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Old 01-27-2009, 05:15 PM
About_Time About_Time is offline
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It becomes a lot more difficult once the kids are at an age where they can start influencing the proceedings. If your kids don't want to see you, a judge is going to be wary of forcing them to at that age - especially the 15 year old. The judge's job is in large part to look out for the well-being of the kids. If the kids don't want to see you and the judge thinks - rightly or wrongly - that that desire is justified he/she has to restrict access.

That being said, I think the courts should be more open to hearing both sides and from what you've said so far it doesn't appear to be the case here. Ultimately, the only way you are going to fix this is to do the following:

1) Stop being angry. Easier said than done, but make sure all your bitterness over this process is kept here. If it spills over and involves your ex and your kids, it's only going to help your ex. Also, the angrier your ex is at you, the harder she's going fight you. I'm not saying send her flowers and chocolates, but don't get into daily screaming matches either.

2) Repeatedly let it be known that you want more access to the kids. Let the ex know and do so in a fashion (letter, email) which can be proven. You need to establish a history of wanting increased access or else the ex could spin you as a negligent dad. Most importantly, you need to let your KIDS know. They are in the middle of a tug-of-war - the best thing you can do for them is consistantly let them know that you love them and want to see them more often. Their wishes on the matter will matter more and more as they get older, so lay a positive groundwork now.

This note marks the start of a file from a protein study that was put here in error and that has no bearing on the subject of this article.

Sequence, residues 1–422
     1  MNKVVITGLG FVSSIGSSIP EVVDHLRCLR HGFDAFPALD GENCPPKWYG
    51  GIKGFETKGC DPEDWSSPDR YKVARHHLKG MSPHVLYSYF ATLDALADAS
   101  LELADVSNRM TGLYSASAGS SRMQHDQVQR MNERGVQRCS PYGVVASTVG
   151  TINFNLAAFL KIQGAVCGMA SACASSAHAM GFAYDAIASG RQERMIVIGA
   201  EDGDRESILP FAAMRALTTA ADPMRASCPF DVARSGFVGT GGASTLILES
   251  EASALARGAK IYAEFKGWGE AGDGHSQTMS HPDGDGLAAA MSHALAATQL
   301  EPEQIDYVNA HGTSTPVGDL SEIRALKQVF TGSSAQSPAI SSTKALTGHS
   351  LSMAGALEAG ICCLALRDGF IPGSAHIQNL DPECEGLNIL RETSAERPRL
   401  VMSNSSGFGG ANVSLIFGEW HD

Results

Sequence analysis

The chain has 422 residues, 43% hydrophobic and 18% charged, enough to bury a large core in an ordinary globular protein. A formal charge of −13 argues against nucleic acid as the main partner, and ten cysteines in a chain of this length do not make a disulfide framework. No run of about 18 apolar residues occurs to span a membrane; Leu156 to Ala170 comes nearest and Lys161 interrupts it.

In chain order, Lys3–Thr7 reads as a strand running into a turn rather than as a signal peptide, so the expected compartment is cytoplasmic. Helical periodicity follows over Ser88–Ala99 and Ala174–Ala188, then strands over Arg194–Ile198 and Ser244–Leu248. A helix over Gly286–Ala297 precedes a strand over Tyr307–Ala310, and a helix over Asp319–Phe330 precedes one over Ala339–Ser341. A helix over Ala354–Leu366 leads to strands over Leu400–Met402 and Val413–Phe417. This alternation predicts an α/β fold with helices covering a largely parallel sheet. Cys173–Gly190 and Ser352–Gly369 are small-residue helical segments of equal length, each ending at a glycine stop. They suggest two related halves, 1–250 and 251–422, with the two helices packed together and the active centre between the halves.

3) Don't badmouth the ex. If your kids come to you with some lie your ex told them, you can address it, but never badmouth the ex. Eventually, the hope is that your kids see the negativity as one-sided and recognize that you aren't using them to further your own dislike of your ex.

4) Record EVERYTHING. Every single missed access time. Every conversation (tape record them). Every letter. Every email. Every broken promise. Every receipt. EVERYTHING. If you want to win more access in court you not only have to win over your kids, but you have to show a pattern of positive, reasonable, concerted effort on your part and of negative, unreasonable and obstructive behaviour on your ex's part.

5) Get a lawyer. Even if you can't afford to have one for the motion itself, it is well worth the money to have an hour or two to go over your case and get guidance.

6) When the time is right, take her back to court and demand that the existing access order be respected. If the exisiting order is what's screwing you, then ask to have it altered. You just need to make sure your kids are on board though, or else it'll never fly. This will be the toughest part, IMHO.